*** DEBUG END ***

Passing round the plate

26 September 2014

"If you don't ask, you don't get. . ."

THE autumn is the best time to consider the church's financial way forward. It is a great time to establish a systematic approach to raising the funds to keep the church going. Then you are ready to make good New Year resolutions.

It is reasonable for members of the congregation to finance their own activity in the church, from service sheets to heating and lighting. But it is often not realistic for them to find the funds to support all kinds of added activities during the rest of the week.

Many churches still celebrate a number of weddings and baptisms for people who do not attend church, and do not therefore contribute to the finances to support these events. At least find out the cost of such events. Calculate the hours per year taken up by these occasional offices, and so establish their proportion of the overall cost of running the building.

Then work out how to encourage these occasional visitors to contribute financially. A simple envelope placed on every seat, for every event, can state the cost per hour of using the church, and ask the reader to consider a donation (gift-aided if possible). If you don't ask, you don't get. Declutter your noticeboards, and place simple information on an easy-to-read display, saying that the readers' gift is important for keeping the church open for their use.

Many churches have so many leaflets and posters on display that they become simply wallpaper; so it may be time to make a list of what should be on display at what kind of event. And store the rest for an appropriate time.

During weekday opening for drop-in visitors, have envelopes for donations available on a small table alongside the visitors' book. The message "Please help us maintain this wonderful building for everyone's use" could be printed on them.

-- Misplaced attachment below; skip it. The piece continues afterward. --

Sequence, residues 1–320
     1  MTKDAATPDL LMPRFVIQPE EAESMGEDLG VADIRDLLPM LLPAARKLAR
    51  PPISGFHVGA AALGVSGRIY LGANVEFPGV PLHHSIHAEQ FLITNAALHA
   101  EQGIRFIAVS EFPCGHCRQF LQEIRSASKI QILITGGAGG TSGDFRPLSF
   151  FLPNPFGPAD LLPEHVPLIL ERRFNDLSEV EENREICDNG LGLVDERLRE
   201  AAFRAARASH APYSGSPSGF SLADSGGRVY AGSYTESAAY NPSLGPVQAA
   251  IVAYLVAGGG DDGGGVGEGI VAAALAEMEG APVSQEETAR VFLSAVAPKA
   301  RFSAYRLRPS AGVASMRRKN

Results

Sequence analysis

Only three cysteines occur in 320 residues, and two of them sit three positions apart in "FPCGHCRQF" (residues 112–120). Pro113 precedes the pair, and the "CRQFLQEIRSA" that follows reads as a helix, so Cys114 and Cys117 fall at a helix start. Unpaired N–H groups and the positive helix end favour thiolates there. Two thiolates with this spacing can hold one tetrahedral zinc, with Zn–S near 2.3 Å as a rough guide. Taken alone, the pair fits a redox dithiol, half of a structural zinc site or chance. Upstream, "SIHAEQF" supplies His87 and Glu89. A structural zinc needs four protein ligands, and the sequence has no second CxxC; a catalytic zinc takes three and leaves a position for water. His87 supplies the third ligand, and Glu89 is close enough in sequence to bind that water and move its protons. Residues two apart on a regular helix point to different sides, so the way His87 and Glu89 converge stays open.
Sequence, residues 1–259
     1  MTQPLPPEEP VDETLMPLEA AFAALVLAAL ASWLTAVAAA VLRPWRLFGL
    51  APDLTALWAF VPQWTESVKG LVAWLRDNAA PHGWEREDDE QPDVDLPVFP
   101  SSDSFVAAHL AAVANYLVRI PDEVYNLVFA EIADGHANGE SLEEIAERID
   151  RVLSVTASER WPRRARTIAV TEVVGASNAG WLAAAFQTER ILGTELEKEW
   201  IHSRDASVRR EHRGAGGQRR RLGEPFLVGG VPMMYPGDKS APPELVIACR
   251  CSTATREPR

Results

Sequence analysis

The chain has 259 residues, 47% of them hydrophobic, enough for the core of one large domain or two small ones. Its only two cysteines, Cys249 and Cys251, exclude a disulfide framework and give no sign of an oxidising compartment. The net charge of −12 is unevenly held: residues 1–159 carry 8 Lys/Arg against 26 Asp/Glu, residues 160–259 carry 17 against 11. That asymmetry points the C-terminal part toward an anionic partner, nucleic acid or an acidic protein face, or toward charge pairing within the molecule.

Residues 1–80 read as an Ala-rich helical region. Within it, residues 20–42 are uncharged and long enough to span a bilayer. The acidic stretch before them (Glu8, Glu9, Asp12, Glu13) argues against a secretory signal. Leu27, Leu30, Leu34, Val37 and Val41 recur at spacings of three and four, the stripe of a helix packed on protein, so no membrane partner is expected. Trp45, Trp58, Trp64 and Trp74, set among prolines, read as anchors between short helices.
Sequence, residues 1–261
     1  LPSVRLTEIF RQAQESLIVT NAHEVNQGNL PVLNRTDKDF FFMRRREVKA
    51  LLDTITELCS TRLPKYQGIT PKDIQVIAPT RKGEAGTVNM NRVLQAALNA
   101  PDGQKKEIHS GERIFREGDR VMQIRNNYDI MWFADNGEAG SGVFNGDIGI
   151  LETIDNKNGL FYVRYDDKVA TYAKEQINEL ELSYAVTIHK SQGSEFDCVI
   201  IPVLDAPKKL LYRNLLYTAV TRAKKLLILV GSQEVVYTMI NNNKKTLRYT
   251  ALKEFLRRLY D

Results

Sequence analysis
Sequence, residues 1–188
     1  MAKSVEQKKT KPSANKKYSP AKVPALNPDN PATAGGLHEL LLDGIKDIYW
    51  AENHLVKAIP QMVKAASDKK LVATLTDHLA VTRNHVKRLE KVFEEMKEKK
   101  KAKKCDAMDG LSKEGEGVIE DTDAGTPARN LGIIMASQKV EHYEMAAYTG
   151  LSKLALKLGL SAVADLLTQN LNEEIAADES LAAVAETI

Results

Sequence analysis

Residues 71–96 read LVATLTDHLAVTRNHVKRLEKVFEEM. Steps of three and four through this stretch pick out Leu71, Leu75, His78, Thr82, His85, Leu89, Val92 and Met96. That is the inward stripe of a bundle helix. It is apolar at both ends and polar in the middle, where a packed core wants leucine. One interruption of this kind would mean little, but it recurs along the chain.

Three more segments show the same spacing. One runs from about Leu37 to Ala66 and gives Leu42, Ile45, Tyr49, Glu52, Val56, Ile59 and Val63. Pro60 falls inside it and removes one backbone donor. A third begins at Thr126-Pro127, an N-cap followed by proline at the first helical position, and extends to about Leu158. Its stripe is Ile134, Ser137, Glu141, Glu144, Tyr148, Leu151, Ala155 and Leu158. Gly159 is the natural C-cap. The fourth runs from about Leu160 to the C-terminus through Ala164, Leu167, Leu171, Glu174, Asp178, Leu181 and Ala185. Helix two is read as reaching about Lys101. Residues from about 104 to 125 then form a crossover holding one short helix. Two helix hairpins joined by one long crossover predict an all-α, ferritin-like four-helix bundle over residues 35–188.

If you have services such as civic events, then either a considerable donation should be made by whoever is leading the event, or, as well as envelopes on the seats, you could have a retiring collection (retiring collections do result in gifts, but are not so well supported as an offertory during one of the hymns). This is not too "in your face" if you are careful; but, again, if you don't ask, you don't get.

At occasional festivals, when everyone turns out, or at least a larger crowd than usual, have an informal welcome at the beginning of the service to explain what is going on, and mention the gift envelopes on the seats, and that the envelopes may be placed in the offertory plate at the appropriate time. When introducing the offertory hymn, say that this is the point when the plate will be passed: many visitors or occasional churchgoers do not know when this point will come, and are left flurrying in pockets and purses. Give them time to consider their gift.

Review the letting rates for the church, and increase them every year - at least to the level of inflation, and preferably in line with the inflation in utility prices. Annual small increases will be met more genially than occasional hikes.

Send issues and questions to maggiedurran@virginmedia.com.

Letters to the editor

Letters for publication should be sent to letters@churchtimes.co.uk.

Letters should be exclusive to the Church Times, and include a full postal address. Your name and address will appear alongside your letter.

Forthcoming Events

6-7 September 2022
Preaching as Pilgrimage conference
From the College of Preachers.

27-28 September 2022
humbler church Bigger God conference
The HeartEdge Conference in Manchester includes the Theology Slam Live Final.

More events

The Church Times Archive

Read reports from issues stretching back to 1863, search for your parish or see if any of the clergy you know get a mention.

FREE for Church Times subscribers.

Explore the archive

Welcome to the Church Times

​To explore the Church Times website fully, please sign in or subscribe.

Non-subscribers can read four* articles for free each month. (You will need to register.)

*Until the end of June: we’re doubling the number of free articles to eight, to celebrate the publication of our Platinum Jubilee double issue.